Late last year the FMCSA implemented a new rule that commercial motor vehicle drivers no longer are required to prepare a Daily Vehicle Inspection Report (DVIR’s) “if no defect or deficiency is discovered by or reported to the driver.” The rule does not eliminate the daily pre-trip and post-trip inspection; it only eliminates the DVIR following the daily post-trip inspection. The rule also requires an immediate DVIR upon discovery of a defect, and has made the pre and post-trip inspection reports the same.
Even though these requirements are expected to reduce paperwork by eliminating the daily DVIR, when there are no deficiencies, it is considered a best practice to continue to document all post-trip vehicle inspections for the following reasons:
- The DVIR serves as documentation that a vehicle inspection was completed.
- Drivers must continue a daily inspection of their vehicle and the DVIR serves as a guide on what needs to be inspected and is a reminder for drivers to complete them at the end of the day.
- The document can be used by maintenance for researching repeat issues, root causes for chronic issues or when an issue was first detected.
- The document can be reviewed by law enforcement to show that the vehicle was inspected and the deficiency occurred while on the road.
Typically, DVIRs are written at the end of each day following the post-trip inspection. The revised regulation requires a DVIR whenever a defect is discovered and reported by law enforcement to the driver, therefore trucking fleet operators should make sure drivers are properly trained to execute a DVIR anytime an official highway inspection reveals a defect. These reports will also most likely be part of compliance audits which should include a copy of the DVIR, repair records and the highway inspection form.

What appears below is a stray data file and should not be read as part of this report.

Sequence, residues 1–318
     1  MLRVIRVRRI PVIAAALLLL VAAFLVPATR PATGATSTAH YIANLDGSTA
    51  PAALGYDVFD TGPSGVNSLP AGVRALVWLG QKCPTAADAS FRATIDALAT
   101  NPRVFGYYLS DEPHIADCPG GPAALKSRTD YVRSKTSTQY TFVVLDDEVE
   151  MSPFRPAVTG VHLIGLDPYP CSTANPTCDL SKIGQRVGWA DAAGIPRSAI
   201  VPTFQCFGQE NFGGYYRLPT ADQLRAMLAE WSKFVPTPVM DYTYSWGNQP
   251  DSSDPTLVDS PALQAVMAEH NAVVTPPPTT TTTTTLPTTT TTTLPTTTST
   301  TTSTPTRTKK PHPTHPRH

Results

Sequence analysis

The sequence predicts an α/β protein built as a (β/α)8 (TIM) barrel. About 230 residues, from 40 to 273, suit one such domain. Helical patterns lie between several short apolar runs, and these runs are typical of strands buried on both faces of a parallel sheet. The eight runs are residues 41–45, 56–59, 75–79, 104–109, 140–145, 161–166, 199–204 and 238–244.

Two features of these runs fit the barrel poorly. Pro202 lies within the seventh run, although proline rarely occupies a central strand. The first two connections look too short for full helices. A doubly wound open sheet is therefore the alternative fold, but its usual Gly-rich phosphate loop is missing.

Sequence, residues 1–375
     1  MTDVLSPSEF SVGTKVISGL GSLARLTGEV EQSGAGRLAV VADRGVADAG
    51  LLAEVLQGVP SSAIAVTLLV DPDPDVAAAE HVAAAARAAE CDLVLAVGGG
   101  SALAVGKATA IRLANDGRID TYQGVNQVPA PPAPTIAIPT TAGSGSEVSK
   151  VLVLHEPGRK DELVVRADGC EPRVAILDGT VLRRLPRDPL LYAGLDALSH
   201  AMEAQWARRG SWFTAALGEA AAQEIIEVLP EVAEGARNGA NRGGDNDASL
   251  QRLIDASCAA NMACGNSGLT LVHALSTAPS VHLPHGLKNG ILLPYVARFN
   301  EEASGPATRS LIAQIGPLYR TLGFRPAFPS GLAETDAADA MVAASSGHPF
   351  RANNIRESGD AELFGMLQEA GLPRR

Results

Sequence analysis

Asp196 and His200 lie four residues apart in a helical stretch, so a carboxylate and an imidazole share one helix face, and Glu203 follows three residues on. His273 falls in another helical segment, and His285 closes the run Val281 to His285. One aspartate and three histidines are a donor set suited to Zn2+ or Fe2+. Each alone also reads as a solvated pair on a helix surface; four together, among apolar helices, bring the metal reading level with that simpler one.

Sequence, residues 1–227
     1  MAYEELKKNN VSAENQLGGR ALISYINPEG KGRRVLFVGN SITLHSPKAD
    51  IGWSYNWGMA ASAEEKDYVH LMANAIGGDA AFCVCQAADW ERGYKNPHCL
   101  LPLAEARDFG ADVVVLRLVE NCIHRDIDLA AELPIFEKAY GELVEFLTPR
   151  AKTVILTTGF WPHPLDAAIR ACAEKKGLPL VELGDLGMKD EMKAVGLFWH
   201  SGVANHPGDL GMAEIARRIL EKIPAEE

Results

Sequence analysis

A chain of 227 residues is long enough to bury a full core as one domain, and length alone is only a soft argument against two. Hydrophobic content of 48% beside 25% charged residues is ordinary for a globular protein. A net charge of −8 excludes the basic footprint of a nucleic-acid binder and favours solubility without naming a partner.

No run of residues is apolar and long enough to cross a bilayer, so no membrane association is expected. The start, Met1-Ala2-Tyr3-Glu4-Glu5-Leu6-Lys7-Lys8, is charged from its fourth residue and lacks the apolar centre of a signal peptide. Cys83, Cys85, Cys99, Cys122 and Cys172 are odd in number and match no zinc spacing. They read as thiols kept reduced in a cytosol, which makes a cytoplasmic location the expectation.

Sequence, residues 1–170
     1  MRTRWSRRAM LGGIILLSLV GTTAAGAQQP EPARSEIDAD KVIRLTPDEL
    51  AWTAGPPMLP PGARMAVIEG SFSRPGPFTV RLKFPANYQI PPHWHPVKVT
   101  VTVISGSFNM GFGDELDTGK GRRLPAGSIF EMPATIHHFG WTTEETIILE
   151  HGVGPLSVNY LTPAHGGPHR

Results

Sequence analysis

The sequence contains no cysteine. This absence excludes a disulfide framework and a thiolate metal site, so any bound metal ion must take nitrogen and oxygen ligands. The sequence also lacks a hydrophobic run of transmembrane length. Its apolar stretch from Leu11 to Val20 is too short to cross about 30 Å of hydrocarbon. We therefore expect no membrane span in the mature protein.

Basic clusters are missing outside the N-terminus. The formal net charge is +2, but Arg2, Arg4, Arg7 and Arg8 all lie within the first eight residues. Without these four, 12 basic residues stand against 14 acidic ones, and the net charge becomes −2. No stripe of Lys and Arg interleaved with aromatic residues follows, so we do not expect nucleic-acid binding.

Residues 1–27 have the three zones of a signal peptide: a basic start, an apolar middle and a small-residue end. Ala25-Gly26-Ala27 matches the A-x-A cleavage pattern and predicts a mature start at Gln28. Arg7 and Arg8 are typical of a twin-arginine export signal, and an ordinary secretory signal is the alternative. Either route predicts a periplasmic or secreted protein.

Drivers need to maintain their inspections skills and understanding of DVIR preparation despite this revised regulation. The best way to keep your drivers safe and your documentation in compliance is to train drivers on how to properly document inspections, complete a DVIR according to company policy and have vehicle deficiencies addressed. As a best practice, structured training on this area should be done at least annually.
FMCSA has updated regulations for CDL and medical examiners certificates and is looking for drivers to participate in the commercial driver restart study.
HUB Transportation Insurance Services experts are able to guide you through safety measures for your business in accordance with FMCSA rules and regulations. Contact a HUB Transportation expert today.